Kolton Andrus: Yes. I mean, look, one of the things I like to touch on as well is, we were all sold that micro services and the cloud are the answer to all our problems, and they were to then answer to some of our problems, they're the cause of some of our problems now. Microservice architectures come with a tradeoff and that is, we put the unreliable network in between everything. So I think that, that's exasperated some of the pain we felt. And I think actually this focus you've seen on reliability and Chaos Engineering the last five years is because people are feeling more and more of that pain. But it's something that will always be important. It's something that is always something we should prepare for. It just like styles, like fads, it's going to change how and where we need to prepare based on our current technology decisions and the way the market is shaping up.

Rich Burroughs: Yes.

Jacob Plicque: Right on.

Rich Burroughs: Hey, Kolton, I think we're about out of time here. Really appreciate you coming on the podcast. It's been very fun to get a chance to talk to you. I always appreciate having conversations with you. Do you have anything you want to plug like your Twitter or anything like that?

Kolton Andrus: No, I'm good. I'm easy to find.

Rich Burroughs: Well, we'll link to it in the show notes anyway. And also the LDFI paper so people could go in and beat their heads against that.

Kolton Andrus: Yes, I'm probably good to link to the Netflix tech blog, articles on FIT and on the LDFI project we did, that'll be useful for folks. But really thank you for having me. I love to share stories. I love to talk about how this came to be and how I am honored to be able to participate in and be able to play a role and help move this forward. Our mission at Gremlin is to help build a more reliable internet. So, if I can help my grandma, or my aunts, or my mom, not get a delayed flight, or not have their phone break, or be able to buy something on the first click, then I've done a little good in the world and that's what we're here for. Try to help each other out and and have safe boring systems that just do the right thing.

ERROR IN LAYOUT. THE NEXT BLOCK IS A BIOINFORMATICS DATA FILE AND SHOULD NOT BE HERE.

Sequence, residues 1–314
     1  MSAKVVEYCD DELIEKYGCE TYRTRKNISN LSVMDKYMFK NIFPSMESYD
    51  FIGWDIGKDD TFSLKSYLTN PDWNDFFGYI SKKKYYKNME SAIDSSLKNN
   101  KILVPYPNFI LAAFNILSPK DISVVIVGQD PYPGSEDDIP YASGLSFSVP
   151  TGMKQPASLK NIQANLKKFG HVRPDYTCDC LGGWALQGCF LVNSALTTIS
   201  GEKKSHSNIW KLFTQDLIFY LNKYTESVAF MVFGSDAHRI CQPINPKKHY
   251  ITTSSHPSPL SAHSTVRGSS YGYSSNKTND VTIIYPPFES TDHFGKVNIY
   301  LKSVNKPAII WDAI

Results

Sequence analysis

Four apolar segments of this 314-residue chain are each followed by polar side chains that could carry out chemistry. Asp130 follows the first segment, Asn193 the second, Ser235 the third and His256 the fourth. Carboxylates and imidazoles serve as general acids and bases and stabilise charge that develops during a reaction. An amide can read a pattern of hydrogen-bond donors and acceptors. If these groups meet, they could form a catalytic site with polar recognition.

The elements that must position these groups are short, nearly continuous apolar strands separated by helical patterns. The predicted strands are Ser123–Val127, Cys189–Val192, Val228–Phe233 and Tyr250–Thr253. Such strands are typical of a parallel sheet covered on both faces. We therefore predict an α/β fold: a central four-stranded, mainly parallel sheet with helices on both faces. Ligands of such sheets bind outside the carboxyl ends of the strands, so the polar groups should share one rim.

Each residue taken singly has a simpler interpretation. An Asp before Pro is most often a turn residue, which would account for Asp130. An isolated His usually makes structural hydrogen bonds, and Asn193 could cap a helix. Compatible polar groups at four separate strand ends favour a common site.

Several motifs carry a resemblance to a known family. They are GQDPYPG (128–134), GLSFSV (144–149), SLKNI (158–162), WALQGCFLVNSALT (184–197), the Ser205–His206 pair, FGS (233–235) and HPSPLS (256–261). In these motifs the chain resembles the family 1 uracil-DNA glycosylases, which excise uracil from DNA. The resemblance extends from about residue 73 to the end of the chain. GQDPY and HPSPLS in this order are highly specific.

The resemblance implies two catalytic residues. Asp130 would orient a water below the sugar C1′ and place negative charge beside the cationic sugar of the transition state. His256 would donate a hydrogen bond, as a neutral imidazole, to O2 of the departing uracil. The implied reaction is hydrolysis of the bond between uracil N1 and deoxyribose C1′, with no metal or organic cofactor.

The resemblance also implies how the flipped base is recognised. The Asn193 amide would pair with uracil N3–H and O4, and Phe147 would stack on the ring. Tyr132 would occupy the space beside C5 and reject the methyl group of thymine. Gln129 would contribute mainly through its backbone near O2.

Jacob Plicque: And get some sleep, right.

Kolton Andrus: Well, at least if you're going to stay up late, let it be a choice. Don’t be paged awake.

Jacob Plicque: Yes, let's play some video games, right.

Rich Burroughs: All right. Well, thanks again, Kolton. We really appreciate you spending time with us.

Jacob Plicque: Thanks.

Rich Burroughs: Our music is from Komiku. The song is titled Battle of Pogs. For more of Komiku's music, visit or click the link in the show notes.

Rich Burroughs: For more information about our Chaos Engineering community, visit Thanks for listening, and join us next month for another episode.

No items found.
Rich Burroughs
Rich Burroughs
Community Manager
Start your free trial

Gremlin's automated reliability platform empowers you to find and fix availability risks before they impact your users. Start finding hidden risks in your systems with a free 30 day trial.